How far can a mother’s determination go?
MANILA, Philippines – Trinidad de Vera used to juggle various odd jobs just to support her four children.
Using her husband’s old Asian utility vehicle (AUV), she worked as a hauler at a food manufacturing company, delivering hotdogs and ham. At midnight, she’d arrive at the plant in Pasig, where the meat was ready for distribution to markets and groceries. Her children often took turns accompanying her on these trips.
However, this job was seasonal and in demand only during Christmastime.
Bote dyaryo therefore became another source of income. On weekends, the whole family would go around the neighborhood looking for old and used tires, batteries, bottles, and newspapers to sell.
Trinidad also used the AUV as a school service to ferry kids to and from a nearby Catholic school, since most of the grade school kids in their village studied there.
Looking back, Trinidad doesn’t know how she managed to make ends meet. But her determination to see her children lead a more comfortable life saw her through.
“Lahat ng business talagang pinasok ko. Lahat ng pwede, lahat ng kaya, basta legal na pagkakakitaan,” she shared. (I took up all kinds of businesses. Everything possible and doable, as long as it’s a legal source of income.)
However, Trinidad did not find these jobs rewarding. She scoured classified ads to look for a more stable means of livelihood. She got hired as a business development executive at a water treatment company. Though she had no prior experience, she was able to close several projects.
This was when things took a turn for the better. She and her family were finally able to enjoy a good life, thanks to her diligence and hard work.
The struggle beyond survival
Why did Trinidad have to work twice as hard as other mothers?
She is a widow. When her husband died years ago, Trinidad was jobless and deep in debt, with no means to make financial recovery a lot easier.
She was left to support four kids on her own, the youngest of which was only 7 years old at the time. Her eldest was a college freshman.
Her husband, a navy captain, had been the sole breadwinner of the family. Throughout their entire married life, he did not want his wife to work.
He had been suffering from diabetes for ten years. His unhealthy lifestyle choices did not help, and eventually led to kidney failure.
His GSIS pension couldn't take care of all his medication and hospitalization bills, and there were still unpaid debts. The family had little money left in bank when he died.
Benefits from an insurance policy would’ve helped with Trinidad’s financial obligations. She knew this because she worked for an insurance company before she got married.
But her husband only believed in immediate returns for his investments. He thought insurance was useless.
He therefore told her they should just keep their money in the bank. This way, they could easily withdraw money in times of need.
“Ang sa bangko nagagastos yun eh. P’wede mong i-withdraw. Ang insurance, pag may emergency, gaya sa nangyari sa kanya, meron akong aasahan. E siya, talagang ubos yung pera namin,” she said. ([Money in] the bank can be spent and withdrawn. With insurance, in cases of emergency, like what happened to my husband, I have something to rely on. But our money really ran out.)
After his death, it looked as though they might barely be able to scrape enough money for their basic needs.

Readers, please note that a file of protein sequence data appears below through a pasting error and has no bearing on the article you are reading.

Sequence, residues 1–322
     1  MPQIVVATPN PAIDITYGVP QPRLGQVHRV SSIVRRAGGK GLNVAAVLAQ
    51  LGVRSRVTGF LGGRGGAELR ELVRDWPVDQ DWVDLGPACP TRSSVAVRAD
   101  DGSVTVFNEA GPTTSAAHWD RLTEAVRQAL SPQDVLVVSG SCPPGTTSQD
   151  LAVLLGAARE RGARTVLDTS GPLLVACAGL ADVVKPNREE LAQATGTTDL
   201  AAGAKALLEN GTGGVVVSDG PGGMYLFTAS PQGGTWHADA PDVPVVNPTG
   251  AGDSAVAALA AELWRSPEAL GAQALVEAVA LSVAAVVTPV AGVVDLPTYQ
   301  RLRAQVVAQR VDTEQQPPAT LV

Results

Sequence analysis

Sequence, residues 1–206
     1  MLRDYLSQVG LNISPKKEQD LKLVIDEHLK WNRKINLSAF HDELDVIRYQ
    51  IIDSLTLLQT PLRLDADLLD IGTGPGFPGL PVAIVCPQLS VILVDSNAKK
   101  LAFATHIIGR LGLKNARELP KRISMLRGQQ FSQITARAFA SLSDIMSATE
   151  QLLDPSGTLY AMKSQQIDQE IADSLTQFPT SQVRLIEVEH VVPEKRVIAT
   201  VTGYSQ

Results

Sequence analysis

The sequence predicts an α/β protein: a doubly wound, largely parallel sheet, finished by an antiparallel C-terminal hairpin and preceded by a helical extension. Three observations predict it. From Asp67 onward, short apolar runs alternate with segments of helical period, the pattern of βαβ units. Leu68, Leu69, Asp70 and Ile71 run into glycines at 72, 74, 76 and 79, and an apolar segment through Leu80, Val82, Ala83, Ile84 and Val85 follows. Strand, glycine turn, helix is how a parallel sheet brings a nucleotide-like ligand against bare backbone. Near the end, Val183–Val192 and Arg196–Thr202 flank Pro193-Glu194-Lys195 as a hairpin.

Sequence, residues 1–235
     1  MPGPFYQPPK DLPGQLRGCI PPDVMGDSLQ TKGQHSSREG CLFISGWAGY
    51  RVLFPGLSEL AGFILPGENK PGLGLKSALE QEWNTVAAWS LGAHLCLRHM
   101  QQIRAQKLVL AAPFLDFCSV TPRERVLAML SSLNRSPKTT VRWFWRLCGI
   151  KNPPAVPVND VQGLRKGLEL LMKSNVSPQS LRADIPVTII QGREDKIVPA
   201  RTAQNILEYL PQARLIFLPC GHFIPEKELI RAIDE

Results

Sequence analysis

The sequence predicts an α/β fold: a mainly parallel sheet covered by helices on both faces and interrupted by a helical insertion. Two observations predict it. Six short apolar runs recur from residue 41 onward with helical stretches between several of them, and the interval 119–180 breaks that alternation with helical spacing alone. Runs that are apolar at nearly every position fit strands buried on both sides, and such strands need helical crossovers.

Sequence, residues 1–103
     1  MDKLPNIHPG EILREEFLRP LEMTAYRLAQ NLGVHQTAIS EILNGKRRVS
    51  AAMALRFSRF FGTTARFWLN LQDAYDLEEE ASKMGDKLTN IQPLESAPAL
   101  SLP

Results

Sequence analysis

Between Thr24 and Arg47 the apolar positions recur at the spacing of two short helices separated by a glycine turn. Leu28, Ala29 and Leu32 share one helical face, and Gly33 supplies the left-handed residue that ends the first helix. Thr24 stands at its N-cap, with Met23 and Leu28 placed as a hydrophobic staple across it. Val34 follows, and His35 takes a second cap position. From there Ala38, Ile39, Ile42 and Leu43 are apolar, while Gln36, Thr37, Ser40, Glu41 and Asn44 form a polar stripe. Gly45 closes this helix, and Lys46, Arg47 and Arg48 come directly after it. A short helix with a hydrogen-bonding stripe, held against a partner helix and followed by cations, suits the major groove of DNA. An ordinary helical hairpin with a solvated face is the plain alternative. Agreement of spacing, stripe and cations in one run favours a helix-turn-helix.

But she wanted to give her children more than that. She was determined to provide them quality education.
“’Di ko sila pinatigil sa pag-aaral. Dire-diretso yun. Yun lang ang maipapamana ko na hindi maipagbibili eh. Priceless yan. Kahit saan sila mapapunta, hindi sila magiging kawawa,” she said. (I did not make them stop studying. Their schooling wasn’t interrupted. That’s the only thing I can pass on to them that can’t be sold. It’s priceless. Wherever they go, they won’t be pushed around.)
For Trinidad, the experience became reason to work harder and protect each member of the family. She saw it as a wake-up call. She thus purchased insurance for her whole family as soon as she could.
Today, the family leads a more comfortable life. Nevertheless, Trinidad is thankful her kids got to experience their earlier struggles. It made them wiser and tough-skinned.
They’ve all grown up, and some have families of their own. At Trinidad’s advice, they’ve gotten insurance policies for themselves, too. She tells them the difficulties they faced without one should be an eye-opener and reminds them that getting an insurance plan is investing not for the present, but for the future.
Trinidad claimed a check for her grandchild’s educational insurance when it matured early this year. The latter comes with cash benefits which have greatly helped with her grandchild’s studies.
Trinidad said that no matter what happens to her family, they can now rest easy knowing the ones they leave behind will be cared for. Her kids are now done with their insurance plans, but she encouraged them to get more once they have enough money.
She is happy with how resilient and well-bred everyone turned out. Her children inherited her determination to give loved ones a good life at all costs.
Her eldest, a father himself, worked as a taxi driver, sold food to office workers, and installed screens to make ends meet. Eventually, everything turned out well. He now works as an airplane mechanic in Dubai.
“’Yung mga tinuro ko sa kanila, ganun din yung pagpapalaki sa mga anak nila,” Trinidad proudly shared. (Everything I taught them, that’s how they’re raising their kids as well.)
What are the sacrifices you’ve made for your loved ones? What made all the difficulties worth it? – Rappler.com